World Cultural Heritage Semmering Railway
Unesco World Heritage Semmering Railway and surrounding landscape
The Semmering Railway is over 160 years old. But what makes the 41-kilometre-long railway line from Gloggnitz to Mürzzuschlag special is not only its proud age: it was the first mountain railway in the world in 1854 and was declared a UNESCO World Heritage Site in 1998.
The Semmering, pass and town at the same time, was an extremely popular and elegant summer resort in the 19th century. In order to make it easier for the honourable guests, who mainly came from Vienna, to get there and at the same time to create a continuous railway connection from Vienna to Trieste, the bold plan was made to open up the mountain region with a railway.
The Semmering Railway went into operation in 1854, and in 1998 it became the world’s first railway line to be awarded the title “UNESCO World Heritage Site”. The technical masterpiece was planned by Carl Ritter von Ghega, at that time the first standard-gauge mountain railway in Europe.
Up to 20,000 men and women worked on the construction, under working conditions that are unimaginable today and in a demanding terrain.
On its core route from Gloggnitz to Mürzzuschlag, the railway overcomes 457 metres in altitude, the average gradient is a remarkable 20 per thousand. It runs through 15 tunnels, over 16 viaducts, over 100 arched stone bridges and winds its way up the mountain in large arches.
The World Heritage Railway
Carl Ghega was born in Venice in 1802. His parents had planned a career for him as a naval officer, but he preferred to work in architecture and mathematics. After his studies in Padua, he planned road and water constructions in Veneto. In 1842 he became head of planning for the southern state railways in the k & k monarchy.
In the same year he travelled to the USA to study the mountain railways there. Soon afterwards he was commissioned to design the railway line from Gloggnitz to Mürzzuschlag. A task that had seemed impossible until then. Not only the rugged terrain posed great challenges: Ghega also had to deal with the construction of locomotives that could overcome these gradients. In 1851, before the opening of the Semmering Railway, Carl Ghega was knighted. In 1860 he died of tuberculosis in Vienna.
Today, the section over the Semmering is one of the most attractive railway lines in Austria. For train passengers, the view is constantly changing. It stretches far across the forests, peaks and clearings of the Semmering region. The special features of the railway line are visible in many places.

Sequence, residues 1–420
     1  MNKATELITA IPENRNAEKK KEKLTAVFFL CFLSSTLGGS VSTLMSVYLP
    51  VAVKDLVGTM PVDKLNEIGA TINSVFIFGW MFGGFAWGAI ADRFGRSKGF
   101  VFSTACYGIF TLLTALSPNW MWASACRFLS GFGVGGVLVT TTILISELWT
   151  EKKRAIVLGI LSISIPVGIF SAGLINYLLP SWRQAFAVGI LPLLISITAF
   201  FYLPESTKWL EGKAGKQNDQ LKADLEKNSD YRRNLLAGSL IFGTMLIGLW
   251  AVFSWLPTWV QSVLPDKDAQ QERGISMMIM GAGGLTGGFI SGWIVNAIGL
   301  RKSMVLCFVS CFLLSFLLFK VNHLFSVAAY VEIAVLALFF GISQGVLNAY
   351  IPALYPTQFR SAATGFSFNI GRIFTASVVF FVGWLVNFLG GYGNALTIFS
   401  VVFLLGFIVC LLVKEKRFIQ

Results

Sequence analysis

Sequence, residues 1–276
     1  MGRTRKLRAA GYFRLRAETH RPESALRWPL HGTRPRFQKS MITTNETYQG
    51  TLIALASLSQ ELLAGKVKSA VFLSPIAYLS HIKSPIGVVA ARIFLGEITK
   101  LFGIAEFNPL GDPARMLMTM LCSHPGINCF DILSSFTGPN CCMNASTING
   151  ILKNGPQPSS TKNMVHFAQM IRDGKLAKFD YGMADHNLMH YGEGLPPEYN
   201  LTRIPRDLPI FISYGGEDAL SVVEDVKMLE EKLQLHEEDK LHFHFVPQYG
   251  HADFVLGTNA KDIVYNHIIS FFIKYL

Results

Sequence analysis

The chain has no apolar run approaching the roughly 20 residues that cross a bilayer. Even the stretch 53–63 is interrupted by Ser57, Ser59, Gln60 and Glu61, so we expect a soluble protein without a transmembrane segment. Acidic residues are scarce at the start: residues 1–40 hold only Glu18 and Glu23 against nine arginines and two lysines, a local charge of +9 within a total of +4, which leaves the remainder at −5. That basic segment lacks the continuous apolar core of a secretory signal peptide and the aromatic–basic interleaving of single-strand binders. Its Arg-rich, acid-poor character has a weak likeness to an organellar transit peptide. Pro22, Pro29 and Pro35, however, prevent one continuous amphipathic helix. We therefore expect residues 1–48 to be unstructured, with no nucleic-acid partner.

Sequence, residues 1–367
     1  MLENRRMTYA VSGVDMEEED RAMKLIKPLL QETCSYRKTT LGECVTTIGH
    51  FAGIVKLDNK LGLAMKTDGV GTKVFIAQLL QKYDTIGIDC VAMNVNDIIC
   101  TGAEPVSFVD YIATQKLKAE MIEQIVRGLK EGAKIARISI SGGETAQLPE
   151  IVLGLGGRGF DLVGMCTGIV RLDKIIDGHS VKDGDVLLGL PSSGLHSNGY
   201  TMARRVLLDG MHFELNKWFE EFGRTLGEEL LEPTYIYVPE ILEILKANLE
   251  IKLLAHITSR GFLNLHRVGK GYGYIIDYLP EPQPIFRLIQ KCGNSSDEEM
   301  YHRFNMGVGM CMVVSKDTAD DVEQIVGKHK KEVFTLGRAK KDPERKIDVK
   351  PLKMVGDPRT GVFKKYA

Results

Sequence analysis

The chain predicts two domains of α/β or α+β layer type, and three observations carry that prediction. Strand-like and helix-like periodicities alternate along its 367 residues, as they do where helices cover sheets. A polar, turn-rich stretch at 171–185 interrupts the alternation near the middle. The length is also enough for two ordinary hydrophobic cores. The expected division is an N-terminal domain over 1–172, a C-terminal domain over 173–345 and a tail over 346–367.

Even more immediate and impressive are the tunnels, viaducts and hairpin bends along the railway hiking trail with its sections in Lower Austria and Styria.
Hiking Route Semmering – Breitenstein
Route: 9.20 km
Duration: 3:00 h
Ascent, descent: 389 hm
… and enjoy the ride on the World Heritage Trail…
The most beautiful section between Semmering and Payerbach leads through the Lower and Upper Adlitzgraben over the Kreuzberg to Payerbach.
We recommend the following connections:
Semmering – Payerbach
09:20 – 09:50
11:20 – 11:50
13:20 – 13:50
15:20 – 15:50
Payerbach – Semmering
10:12 – 10:41
12:12 – 12:41
14:12 – 14:41
16:12 – 16:41
Tickets can be purchased online or from the ticket machines directly at the stations.
Always follow the rails...the group travel offer of the Vienna Alps in Lower Austria.
Accompany Carl Ritter von Ghega along the Semmering Railway
Unesco World Heritage
SITES OF OUTSTANDING UNIVERSAL VALUE
World Heritage – means protection of outstanding cultural and natural assets. The sites on the UNESCO World Heritage List have exceptional value, both for themselves and for all mankind.
The protection of the world’s cultural and natural heritage is a central concern of UNESCO (United Nations Educational, Scientific and Cultural Organization). The organization was founded in November 1945, occasion and background were the catastrophes in the first half of the 20th century. Because prejudices and hatred originate in the heads – so the idea – they can be prevented also there, by co-operation with education, science and culture.
For a cultural or natural entity to be considered a World Heritage Site, it must have “outstanding universal
universal value” and stand out from the crowd of comparable objects. Its decay or wanton destruction was an irreparable loss for mankind.
irreparable loss for mankind. The states that nominate a cultural or natural property for the World Heritage List commit themselves to its sustainable protection. Experts from cultural and nature conservation organizations review the nominations and recommend inclusion or rejection to the World Heritage Committee. The rights and obligations of the states are regulated in a globally applicable treaty: The “UNESCO Convention Concerning the Protection of the World Cultural and Natural Heritage,” better known as the “World Heritage Convention,” was established in 1972.